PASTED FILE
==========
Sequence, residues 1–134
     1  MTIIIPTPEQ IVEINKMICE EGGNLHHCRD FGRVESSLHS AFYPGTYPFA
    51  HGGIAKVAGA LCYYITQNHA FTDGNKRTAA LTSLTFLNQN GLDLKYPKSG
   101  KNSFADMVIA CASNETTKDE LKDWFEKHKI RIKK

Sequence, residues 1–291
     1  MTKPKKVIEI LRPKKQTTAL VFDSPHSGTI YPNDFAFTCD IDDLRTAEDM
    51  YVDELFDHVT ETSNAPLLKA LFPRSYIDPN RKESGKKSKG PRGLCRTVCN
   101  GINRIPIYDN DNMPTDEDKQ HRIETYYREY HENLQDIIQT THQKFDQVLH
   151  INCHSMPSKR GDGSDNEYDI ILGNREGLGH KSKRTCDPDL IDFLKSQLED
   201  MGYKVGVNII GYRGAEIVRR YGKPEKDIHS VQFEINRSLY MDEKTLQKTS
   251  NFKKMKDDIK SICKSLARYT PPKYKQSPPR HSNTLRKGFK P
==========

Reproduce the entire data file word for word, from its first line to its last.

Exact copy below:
Sequence, residues 1–134
     1  MTIIIPTPEQ IVEINKMICE EGGNLHHCRD FGRVESSLHS AFYPGTYPFA
    51  HGGIAKVAGA LCYYITQNHA FTDGNKRTAA LTSLTFLNQN GLDLKYPKSG
   101  KNSFADMVIA CASNETTKDE LKDWFEKHKI RIKK

Sequence, residues 1–291
     1  MTKPKKVIEI LRPKKQTTAL VFDSPHSGTI YPNDFAFTCD IDDLRTAEDM
    51  YVDELFDHVT ETSNAPLLKA LFPRSYIDPN RKESGKKSKG PRGLCRTVCN
   101  GINRIPIYDN DNMPTDEDKQ HRIETYYREY HENLQDIIQT THQKFDQVLH
   151  INCHSMPSKR GDGSDNEYDI ILGNREGLGH KSKRTCDPDL IDFLKSQLED
   201  MGYKVGVNII GYRGAEIVRR YGKPEKDIHS VQFEINRSLY MDEKTLQKTS
   251  NFKKMKDDIK SICKSLARYT PPKYKQSPPR HSNTLRKGFK P